I keep coming back to these Bandai figure kits because they are just awesome. They are quick and make a great side project during a more prolonged or difficult model project.
One of the fun things about the Clone Trooper kit was that there were so many options for how to paint and weather this guy. Stormtroopers are fairly uniform, but thanks to the Clone Wars TV series and even some brief glimpses in the prequels, clone troopers had a lot of different markings, not to mention they weathered a lot more and their armor showed it.
When I first started assembling the clone trooper I was undecided about what sort of paint scheme I wanted to use, if any at all. Over the course of the build, I settled on the 212th Battalion color scheme because I have always loved Obi-Wan Kenobi and these were his troops on Utapau. I did a little googling to find a quality picture of the paint scheme and then jumped right in.
Two regrets about the way I went about painting this kit, which will influence future projects. First, I had already assembled the trooper so I had to do some difficult masking in hard to access places, which could have been eased by masking before I assembled. Second, because I did not want to mask the entire trooper, I hand painted the spots that needed markings. Both of these regrets left me wishing I had masked and airbrushed all the markings before assembling the parts. Lesson learned for next time.
Because I painted directly on the plastic, I was able to easily do some chipping with a toothpick and xacto knife. These gave a nice worn effect to the battalion markings. Then, to top the painting off, I did some panel line washing in a few spots and added some weathering pastels also. I finished the kit with a semi-gloss lacquer because the clone troopers were never quite as shiny as the stormtroopers.
Overall, I am pretty proud of my first real customized paint job, notwithstanding the usual weathering effects. I really like the result, and if I had endless supplies of money (haha!) I would probably try to customize several different clone varieties. Lessons learned and a good-looking figure make a great success. As a bonus, you can switch out the heads to be either a Phase 1 or Phase 2 trooper. As you can see from the photos, I preferred the Phase 2.
This is a great kit that will look even better when displayed next to my eventual Battle Droid and STAP kit.
Normally I would be much more ambitious than trying to finish only one model over the summer, but my building speed is considerably hindered these days. Between a five-month old baby and some other house projects, I have my hands quite full this year. In addition, I am trying something new on the next kit: fiber optic lighting!
This summer I will be working on the Republic-era Star Destroyer made by Revell. This is the only Revell Star Wars kit I know of that is not snap fit, and so far I am happy with the quality. I know that Revell makes quality non-Star Wars kits, but many of the snap kits are cheap looking, so I was not sure what to expect.
I bought a lighting kit from Madman Lighting with great directions and photos to help with assembly. I am still a little nervous about lighting, but I will be posting along the way for anyone else who wants to undertake such a project. Whether I finish by the end of summer or not, I will definitely stay busy!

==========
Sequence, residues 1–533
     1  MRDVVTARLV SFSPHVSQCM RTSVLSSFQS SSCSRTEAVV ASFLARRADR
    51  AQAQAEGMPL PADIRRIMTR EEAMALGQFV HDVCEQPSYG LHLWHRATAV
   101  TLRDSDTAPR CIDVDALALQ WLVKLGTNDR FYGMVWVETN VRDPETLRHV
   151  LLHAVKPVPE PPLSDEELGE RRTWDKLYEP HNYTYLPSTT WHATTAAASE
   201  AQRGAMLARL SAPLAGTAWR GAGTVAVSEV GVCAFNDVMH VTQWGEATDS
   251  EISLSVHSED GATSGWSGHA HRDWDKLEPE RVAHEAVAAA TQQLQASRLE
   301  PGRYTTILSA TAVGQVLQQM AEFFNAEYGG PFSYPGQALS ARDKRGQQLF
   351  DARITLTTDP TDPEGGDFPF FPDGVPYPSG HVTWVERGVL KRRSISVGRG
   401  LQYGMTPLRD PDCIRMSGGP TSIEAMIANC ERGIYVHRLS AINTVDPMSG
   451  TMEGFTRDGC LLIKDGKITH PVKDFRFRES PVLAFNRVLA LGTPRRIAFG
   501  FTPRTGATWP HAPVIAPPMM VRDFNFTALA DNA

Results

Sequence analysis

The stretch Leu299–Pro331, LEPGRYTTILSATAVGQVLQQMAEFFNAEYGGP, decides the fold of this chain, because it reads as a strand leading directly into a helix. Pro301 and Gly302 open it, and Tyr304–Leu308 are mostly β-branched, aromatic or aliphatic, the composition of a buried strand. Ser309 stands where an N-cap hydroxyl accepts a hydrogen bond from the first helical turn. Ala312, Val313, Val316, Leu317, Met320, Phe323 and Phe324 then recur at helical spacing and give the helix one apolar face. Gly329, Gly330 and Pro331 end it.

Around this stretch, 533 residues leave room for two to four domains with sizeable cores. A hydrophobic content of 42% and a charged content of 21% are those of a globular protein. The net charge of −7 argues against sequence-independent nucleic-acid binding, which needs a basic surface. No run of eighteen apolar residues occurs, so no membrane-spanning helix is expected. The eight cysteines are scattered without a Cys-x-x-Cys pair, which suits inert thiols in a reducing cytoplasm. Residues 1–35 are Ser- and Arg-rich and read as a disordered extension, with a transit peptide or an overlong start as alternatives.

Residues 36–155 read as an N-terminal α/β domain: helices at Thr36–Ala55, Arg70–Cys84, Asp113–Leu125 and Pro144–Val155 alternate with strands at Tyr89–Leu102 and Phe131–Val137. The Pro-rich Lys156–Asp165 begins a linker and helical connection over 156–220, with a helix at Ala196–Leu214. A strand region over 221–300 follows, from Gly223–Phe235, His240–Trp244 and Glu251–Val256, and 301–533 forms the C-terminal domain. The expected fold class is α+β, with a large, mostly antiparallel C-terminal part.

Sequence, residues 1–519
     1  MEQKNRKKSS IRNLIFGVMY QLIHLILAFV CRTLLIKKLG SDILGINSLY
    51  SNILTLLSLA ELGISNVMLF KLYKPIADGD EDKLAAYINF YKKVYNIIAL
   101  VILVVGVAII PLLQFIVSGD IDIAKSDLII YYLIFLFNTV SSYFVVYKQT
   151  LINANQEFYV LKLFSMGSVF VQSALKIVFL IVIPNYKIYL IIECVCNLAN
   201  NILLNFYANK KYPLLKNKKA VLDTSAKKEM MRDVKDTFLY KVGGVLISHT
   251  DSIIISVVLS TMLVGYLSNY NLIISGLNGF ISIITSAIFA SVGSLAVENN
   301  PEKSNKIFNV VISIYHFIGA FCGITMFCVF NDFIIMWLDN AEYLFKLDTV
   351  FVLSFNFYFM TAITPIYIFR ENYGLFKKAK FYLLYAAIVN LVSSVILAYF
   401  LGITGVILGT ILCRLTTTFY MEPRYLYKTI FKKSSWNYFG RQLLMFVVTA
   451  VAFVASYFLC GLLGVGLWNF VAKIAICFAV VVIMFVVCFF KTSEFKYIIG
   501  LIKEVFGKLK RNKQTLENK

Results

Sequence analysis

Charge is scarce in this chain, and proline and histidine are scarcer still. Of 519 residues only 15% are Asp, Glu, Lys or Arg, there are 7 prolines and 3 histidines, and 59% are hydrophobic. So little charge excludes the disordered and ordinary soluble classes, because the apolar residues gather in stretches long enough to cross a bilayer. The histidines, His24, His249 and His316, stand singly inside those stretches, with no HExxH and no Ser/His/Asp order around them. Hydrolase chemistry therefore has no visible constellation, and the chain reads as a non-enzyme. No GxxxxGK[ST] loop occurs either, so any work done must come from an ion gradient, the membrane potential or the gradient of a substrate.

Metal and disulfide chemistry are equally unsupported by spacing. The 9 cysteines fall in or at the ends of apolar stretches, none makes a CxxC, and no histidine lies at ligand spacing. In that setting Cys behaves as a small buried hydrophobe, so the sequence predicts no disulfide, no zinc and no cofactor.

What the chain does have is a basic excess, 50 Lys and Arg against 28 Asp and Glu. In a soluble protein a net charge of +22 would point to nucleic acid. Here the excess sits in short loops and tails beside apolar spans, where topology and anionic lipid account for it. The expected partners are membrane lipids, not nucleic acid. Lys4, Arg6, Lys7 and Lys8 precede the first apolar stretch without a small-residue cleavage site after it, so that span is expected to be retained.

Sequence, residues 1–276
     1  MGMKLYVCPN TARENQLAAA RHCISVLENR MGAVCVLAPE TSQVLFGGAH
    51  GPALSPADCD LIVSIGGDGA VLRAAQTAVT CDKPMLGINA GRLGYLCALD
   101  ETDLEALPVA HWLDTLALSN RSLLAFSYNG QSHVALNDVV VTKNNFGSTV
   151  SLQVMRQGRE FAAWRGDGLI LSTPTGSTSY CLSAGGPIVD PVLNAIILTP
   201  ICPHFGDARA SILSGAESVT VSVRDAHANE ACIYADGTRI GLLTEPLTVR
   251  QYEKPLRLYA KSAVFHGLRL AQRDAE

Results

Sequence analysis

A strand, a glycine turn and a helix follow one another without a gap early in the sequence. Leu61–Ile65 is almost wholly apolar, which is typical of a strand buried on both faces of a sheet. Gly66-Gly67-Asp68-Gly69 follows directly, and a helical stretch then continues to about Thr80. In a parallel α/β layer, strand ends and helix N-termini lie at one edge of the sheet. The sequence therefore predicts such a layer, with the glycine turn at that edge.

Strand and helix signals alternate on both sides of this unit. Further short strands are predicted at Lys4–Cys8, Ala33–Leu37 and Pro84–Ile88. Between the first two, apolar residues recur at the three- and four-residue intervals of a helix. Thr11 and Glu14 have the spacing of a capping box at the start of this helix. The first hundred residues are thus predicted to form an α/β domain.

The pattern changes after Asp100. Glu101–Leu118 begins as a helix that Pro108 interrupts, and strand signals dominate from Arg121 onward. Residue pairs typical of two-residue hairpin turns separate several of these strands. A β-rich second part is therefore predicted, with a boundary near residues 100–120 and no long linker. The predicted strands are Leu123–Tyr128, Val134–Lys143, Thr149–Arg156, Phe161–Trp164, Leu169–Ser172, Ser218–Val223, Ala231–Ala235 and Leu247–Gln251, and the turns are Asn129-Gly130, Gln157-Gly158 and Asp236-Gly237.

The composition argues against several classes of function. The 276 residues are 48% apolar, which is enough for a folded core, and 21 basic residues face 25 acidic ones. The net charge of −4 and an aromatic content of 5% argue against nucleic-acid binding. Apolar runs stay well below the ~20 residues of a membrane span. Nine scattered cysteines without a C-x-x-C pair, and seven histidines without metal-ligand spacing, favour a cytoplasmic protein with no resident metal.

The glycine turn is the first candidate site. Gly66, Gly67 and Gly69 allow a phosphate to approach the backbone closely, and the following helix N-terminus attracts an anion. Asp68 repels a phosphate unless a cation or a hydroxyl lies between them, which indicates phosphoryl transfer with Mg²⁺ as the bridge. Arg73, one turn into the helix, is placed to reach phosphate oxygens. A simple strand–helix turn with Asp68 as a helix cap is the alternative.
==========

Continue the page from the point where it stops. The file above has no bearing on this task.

A couple weeks ago Amazon had a deal on select model kits, so I picked up a Republic Star Destroyer (the kit I most wanted) and this Republic Gunship Kit from Revell. I normally don’t snatch up pre-painted snap kits, but I had heard good things about this particular kit and the price was pretty good with the deal.
On a Saturday three or four weeks ago I wanted to work on a model kit, and I had just finished the Corporate Alliance Droid, but did not want to start a huge new project yet. Conveniently, I had this nice little kit sitting right on top of the pile and decided to go for it.
I will start with some general thoughts about the kit. The entire assembly took about 2-3 hours to completion. I debated doing some extra weathering or painting, but decided I didn’t want to invest that much in this particular kit. Maybe some day. The overall quality of the kit is pretty good. The parts are solid, and they fit snugly for the most part. The gun turrets were a little flimsy, and I had to glue one that was snapping, but otherwise there were no problems.
One of the cooler things about this kit is the sliding doors on the sides. I decided to leave one side closed and the other open in order to display the clone troopers standing inside. The clone troopers are made out of a different material, which is rubbery, and they slide into holes in the ships’ deck. The fit was a little loose for my liking so I glued the troopers in.
The pre-painted weathering effects are ok, but they do look pre-painted. Again, I just didn’t feel like investing more into this kit than the one day. I think there could be some great potential if you really wanted to accurize this ship to its fullest extent. There is no scale label on the box, but based on the size of the troopers, I would guess it is around 1/72. This is the perfect scale to fit with many of my other Star Wars ships from FineMolds.
Overall, this was a great minimal commitment, diversion kit. I do not feel nearly the sense of pride about this kit as I do about the others that I have assembled, painted, welded, and dedicated hours and weeks to building, but it’s a cool little display piece nonetheless. I don’t see myself picking up too many snap kits in the future, but since there wasn’t a regular kit for this ship, I decided it was worth a day’s work.
Here are a few more shots of the finished kit.